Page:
This post is a first in a series of Questions and Answers with the founders of Humane Genomics. First up: Andrew Hessel.
Q: Tell me a bit about yourself.
I am a bio-geek and I have always been fascinated by how living things work — and stop working properly, as is the case with cancer. I also track new biotechnologies and spend time thinking about things that will be possible in the near term, typically 5-10 years. I have two kids that keep me grounded in the real world.
Q: Why did you decide to become a founder of Humane Genomics?
Because I didn’t see how cancer was going to be cured using the current approaches. Historically, cancer treatments have been crude, almost barbaric, because they cause so much collateral damage to our bodies. Targeted therapies are much less toxic, but they’re also very expensive. I wanted to make it possible to design and build precision medicines very fast and very cheap — a very new approach to drug development.
Q: Why is your background a great fit?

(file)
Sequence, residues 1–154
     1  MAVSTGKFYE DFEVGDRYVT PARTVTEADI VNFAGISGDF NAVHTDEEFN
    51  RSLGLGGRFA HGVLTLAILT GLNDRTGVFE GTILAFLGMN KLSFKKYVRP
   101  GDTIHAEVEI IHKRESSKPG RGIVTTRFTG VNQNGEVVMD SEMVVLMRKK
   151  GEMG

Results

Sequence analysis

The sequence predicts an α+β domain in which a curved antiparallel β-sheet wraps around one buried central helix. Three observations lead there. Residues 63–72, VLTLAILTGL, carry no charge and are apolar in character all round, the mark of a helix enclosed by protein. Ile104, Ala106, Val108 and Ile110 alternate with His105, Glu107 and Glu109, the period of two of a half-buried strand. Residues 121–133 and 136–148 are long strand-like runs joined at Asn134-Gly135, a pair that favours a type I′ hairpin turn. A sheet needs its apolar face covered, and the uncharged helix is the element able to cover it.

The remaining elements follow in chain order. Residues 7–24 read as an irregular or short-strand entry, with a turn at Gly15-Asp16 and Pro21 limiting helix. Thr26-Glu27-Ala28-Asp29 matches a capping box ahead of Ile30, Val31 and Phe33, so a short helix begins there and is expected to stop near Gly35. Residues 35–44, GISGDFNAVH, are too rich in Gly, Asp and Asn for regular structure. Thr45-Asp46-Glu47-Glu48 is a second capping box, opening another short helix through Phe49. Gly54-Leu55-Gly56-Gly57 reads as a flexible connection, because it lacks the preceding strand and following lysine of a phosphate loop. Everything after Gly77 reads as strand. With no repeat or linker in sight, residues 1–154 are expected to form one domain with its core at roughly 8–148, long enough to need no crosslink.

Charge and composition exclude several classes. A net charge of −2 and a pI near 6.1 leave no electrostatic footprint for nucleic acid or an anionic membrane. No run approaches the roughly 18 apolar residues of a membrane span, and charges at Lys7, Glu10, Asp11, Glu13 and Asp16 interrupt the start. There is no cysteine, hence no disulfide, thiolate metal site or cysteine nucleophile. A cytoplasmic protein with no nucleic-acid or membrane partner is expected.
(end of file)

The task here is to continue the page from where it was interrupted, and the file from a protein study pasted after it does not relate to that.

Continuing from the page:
I studied cell biology, microbiology and genetics plus did a lot of work in bioinformatics — using software tools to understand and manipulate genetic code and other biological data. I also worked for a major biopharma company and saw firsthand the challenges of making new medicines and how they weren’t aligning to what we were learning about cancer. The data was telling us that each cancer is a unique mixture of damaged cells. Conventional drug development is one-size-fits-all. I also saw that oncolytic viruses were showing promise as treatments, and synthetic biology would make it easier to engineer these viruses. The rest, as they say, is history.
Q: What is your role at Humane Genomics?
Mostly strategy. Building something new is like sailing uncharted waters. I plot waypoints to help us navigate. We all work to avoid hazards that could sink the ship or run aground.
Q: What are you working on?
For the most part, communications. What we’re doing is so new that we need to introduce people to our approach, our technology, and our capabilities. At first, it was telling stories about what was on the edge of possible. Now that we’re producing results, the data is starting to speak for itself.
Q: What are you most excited about?
Seeing the end to cancer. It’s going to be eradicated. We’re going to find it so early that people aren’t sick. We’re going to kill it with such precision that there are no major side effects. This is the one-two punch that knocks this disease out cold. It’s what gets me out of bed every day.